Photo

PLA007-00570

Images of a blooming Stern’s medlar (Mespilus canescens), one of the rarest plants in the U.S. This plant is now reduced to just 25 specimens in two locations. This one is located on the grounds of the Missouri Botanical Gardens.

Photo

PLA007-00571

Images of a blooming Stern’s medlar (Mespilus canescens), one of the rarest plants in the U.S. This plant is now reduced to just 25 specimens in two locations. This one is located on the grounds of the Missouri Botanical Gardens.

Photo

PLA007-00572

Images of a blooming Stern’s medlar (Mespilus canescens), one of the rarest plants in the U.S. This plant is now reduced to just 25 specimens in two locations. This one is located on the grounds of the Missouri Botanical Gardens.

Photo

PLA007-00573

Images of a blooming Stern’s medlar (Mespilus canescens), one of the rarest plants in the U.S. This plant is now reduced to just 25 specimens in two locations. This one is located on the grounds of the Missouri Botanical Gardens.

Photo

ESA001-00369

The federally endangered spreading avens (Geum radiatum) at the Atlanta Botanical Garden.

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ESA001-00362

The federally endangered hairy rattleweed (Baptisia arachnifera) at the Atlanta Botanical Garden.

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ESA001-00363

The federally endangered hairy rattleweed (Baptisia arachnifera) at the Atlanta Botanical Garden.

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ESA001-00364

The federally endangered hairy rattleweed (Baptisia arachnifera) at the Atlanta Botanical Garden.

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ESA001-00365

The federally endangered hairy rattleweed (Baptisia arachnifera) at the Atlanta Botanical Garden.

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ESA001-00366

The federally endangered hairy rattleweed (Baptisia arachnifera) at the Atlanta Botanical Garden.

Photo

ESA001-00367

The federally endangered hairy rattleweed (Baptisia arachnifera) at the Atlanta Botanical Garden.

Photo

ESA001-00368

The federally endangered spreading avens (Geum radiatum) at the Atlanta Botanical Garden.

Photo

PLA031-00035

Images of a blooming Stern’s medlar bush (Mespilus canescens, one of the rarest plants in the U.S. This plant is now reduced to just 25 specimens in two locations. This one is located on the grounds of the Missouri Botanical Gardens.

Photo

PLA031-00036

Images of a blooming Stern’s medlar bush (Mespilus canescens, one of the rarest plants in the U.S. This plant is now reduced to just 25 specimens in two locations. This one is located on the grounds of the Missouri Botanical Gardens.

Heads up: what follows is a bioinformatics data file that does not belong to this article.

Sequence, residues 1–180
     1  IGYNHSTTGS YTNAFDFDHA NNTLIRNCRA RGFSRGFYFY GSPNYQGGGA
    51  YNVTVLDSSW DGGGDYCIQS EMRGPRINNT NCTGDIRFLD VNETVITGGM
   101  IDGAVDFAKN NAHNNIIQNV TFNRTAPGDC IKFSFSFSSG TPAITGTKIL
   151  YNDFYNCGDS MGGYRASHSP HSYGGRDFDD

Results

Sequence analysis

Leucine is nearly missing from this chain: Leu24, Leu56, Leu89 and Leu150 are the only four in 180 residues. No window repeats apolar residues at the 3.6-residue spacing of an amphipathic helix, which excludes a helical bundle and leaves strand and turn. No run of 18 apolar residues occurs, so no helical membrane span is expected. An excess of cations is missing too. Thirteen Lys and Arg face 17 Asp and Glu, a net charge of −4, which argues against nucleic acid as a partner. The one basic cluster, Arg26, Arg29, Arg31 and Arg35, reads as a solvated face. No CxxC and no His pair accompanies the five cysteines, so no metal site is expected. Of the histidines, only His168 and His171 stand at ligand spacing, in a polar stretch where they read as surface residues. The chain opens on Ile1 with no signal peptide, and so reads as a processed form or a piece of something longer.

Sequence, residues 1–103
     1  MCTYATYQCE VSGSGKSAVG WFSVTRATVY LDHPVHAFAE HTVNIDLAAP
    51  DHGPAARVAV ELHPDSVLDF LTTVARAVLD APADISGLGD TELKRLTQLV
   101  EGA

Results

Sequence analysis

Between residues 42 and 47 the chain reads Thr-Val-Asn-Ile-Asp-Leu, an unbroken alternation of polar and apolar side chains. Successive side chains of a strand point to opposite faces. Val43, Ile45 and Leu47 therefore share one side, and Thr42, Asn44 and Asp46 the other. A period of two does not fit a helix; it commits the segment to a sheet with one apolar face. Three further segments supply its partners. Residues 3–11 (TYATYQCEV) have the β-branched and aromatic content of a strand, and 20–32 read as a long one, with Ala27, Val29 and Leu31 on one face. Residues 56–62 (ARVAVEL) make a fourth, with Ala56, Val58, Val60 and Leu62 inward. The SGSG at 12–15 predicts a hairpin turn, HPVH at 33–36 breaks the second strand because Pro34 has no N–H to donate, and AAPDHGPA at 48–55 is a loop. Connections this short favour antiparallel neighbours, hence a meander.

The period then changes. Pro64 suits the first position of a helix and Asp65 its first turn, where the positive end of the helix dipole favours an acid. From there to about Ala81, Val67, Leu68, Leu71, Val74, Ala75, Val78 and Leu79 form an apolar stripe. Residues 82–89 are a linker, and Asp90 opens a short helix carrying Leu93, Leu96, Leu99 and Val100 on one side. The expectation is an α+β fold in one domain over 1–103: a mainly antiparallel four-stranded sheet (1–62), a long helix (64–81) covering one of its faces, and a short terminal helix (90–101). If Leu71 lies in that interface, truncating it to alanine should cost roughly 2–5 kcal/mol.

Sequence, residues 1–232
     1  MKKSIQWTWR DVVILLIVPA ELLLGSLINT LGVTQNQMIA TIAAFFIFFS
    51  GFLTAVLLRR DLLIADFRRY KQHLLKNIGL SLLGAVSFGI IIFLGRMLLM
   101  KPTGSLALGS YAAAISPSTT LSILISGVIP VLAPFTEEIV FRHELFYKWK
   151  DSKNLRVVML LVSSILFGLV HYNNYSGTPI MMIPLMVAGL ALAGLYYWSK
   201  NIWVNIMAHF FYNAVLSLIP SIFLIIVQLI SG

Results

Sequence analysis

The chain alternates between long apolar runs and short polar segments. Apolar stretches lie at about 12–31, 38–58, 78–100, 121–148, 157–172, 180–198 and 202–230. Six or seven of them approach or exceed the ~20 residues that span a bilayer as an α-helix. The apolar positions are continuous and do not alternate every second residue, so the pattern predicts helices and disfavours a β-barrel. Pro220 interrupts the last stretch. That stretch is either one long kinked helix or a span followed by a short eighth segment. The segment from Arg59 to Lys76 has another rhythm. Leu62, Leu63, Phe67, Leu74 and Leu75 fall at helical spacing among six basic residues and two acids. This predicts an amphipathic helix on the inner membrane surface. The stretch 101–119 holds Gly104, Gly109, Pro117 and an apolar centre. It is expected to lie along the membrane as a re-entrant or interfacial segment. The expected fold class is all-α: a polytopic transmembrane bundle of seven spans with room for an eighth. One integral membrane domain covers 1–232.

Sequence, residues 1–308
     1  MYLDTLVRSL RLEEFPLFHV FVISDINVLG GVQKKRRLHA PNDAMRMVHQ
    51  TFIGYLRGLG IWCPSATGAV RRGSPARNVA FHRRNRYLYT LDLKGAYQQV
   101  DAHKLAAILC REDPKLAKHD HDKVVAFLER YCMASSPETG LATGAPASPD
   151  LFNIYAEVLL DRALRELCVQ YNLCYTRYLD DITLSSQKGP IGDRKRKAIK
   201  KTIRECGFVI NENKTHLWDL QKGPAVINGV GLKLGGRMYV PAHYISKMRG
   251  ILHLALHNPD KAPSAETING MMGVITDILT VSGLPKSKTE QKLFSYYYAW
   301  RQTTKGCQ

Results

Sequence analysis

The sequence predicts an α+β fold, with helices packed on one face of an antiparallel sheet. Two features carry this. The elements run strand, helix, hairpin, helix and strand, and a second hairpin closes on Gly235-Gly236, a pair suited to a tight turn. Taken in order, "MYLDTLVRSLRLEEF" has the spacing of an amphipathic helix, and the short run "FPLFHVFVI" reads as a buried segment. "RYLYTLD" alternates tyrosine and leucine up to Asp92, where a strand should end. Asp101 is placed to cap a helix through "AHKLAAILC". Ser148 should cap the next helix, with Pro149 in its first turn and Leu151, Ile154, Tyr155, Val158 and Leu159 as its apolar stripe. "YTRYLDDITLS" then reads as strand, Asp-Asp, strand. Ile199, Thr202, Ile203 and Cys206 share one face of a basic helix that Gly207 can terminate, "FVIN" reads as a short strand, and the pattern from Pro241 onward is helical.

Photo

PLA031-00037

Images of a blooming Stern’s medlar bush (Mespilus canescens, one of the rarest plants in the U.S. This plant is now reduced to just 25 specimens in two locations. This one is located on the grounds of the Missouri Botanical Gardens.

Photo

PLA031-00038

Images of a blooming Stern’s medlar bush (Mespilus canescens, one of the rarest plants in the U.S. This plant is now reduced to just 25 specimens in two locations. This one is located on the grounds of the Missouri Botanical Gardens.

Photo

PLA031-00039

Images of a blooming Stern’s medlar bush (Mespilus canescens, one of the rarest plants in the U.S. This plant is now reduced to just 25 specimens in two locations. This one is located on the grounds of the Missouri Botanical Gardens.

Photo

PLA031-00032

Images of a blooming Stern’s medlar bush (Mespilus canescens, one of the rarest plants in the U.S. This plant is now reduced to just 25 specimens in two locations. This one is located on the grounds of the Missouri Botanical Gardens.

Photo

PLA031-00033

Images of a blooming Stern’s medlar bush (Mespilus canescens, one of the rarest plants in the U.S. This plant is now reduced to just 25 specimens in two locations. This one is located on the grounds of the Missouri Botanical Gardens.

Photo

ESA001-00328

A hawthorn (Crataegus collina) in Werner Park, Nashville, TN.

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ESA001-00334

Pyne’s ground plum or Guthrie’s ground-plum (Astragalus bibullatus), a federally endangered plant that exists only in a one-mile-square area outside of Nashville within the ‘cedar glades’ ecosystem.

Photo

ESA001-00335

Pyne’s ground plum or Guthrie’s ground-plum (Astragalus bibullatus), a federally endangered plant that exists only in a one-mile-square area outside of Nashville within the ‘cedar glades’ ecosystem.

Photo

ESA001-00327

A hawthorn (Crataegus collina) in Werner Park, Nashville, TN.

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ANI039-00216

Amphibian egg masses resting on leaves under water in the wild at Bennett Springs State Park, MO.

Photo: Julie Jensen Director of Marketing | WVC O: 866.800.7326 | D: 702.443.9249 | E: j.jensen@wvc.org

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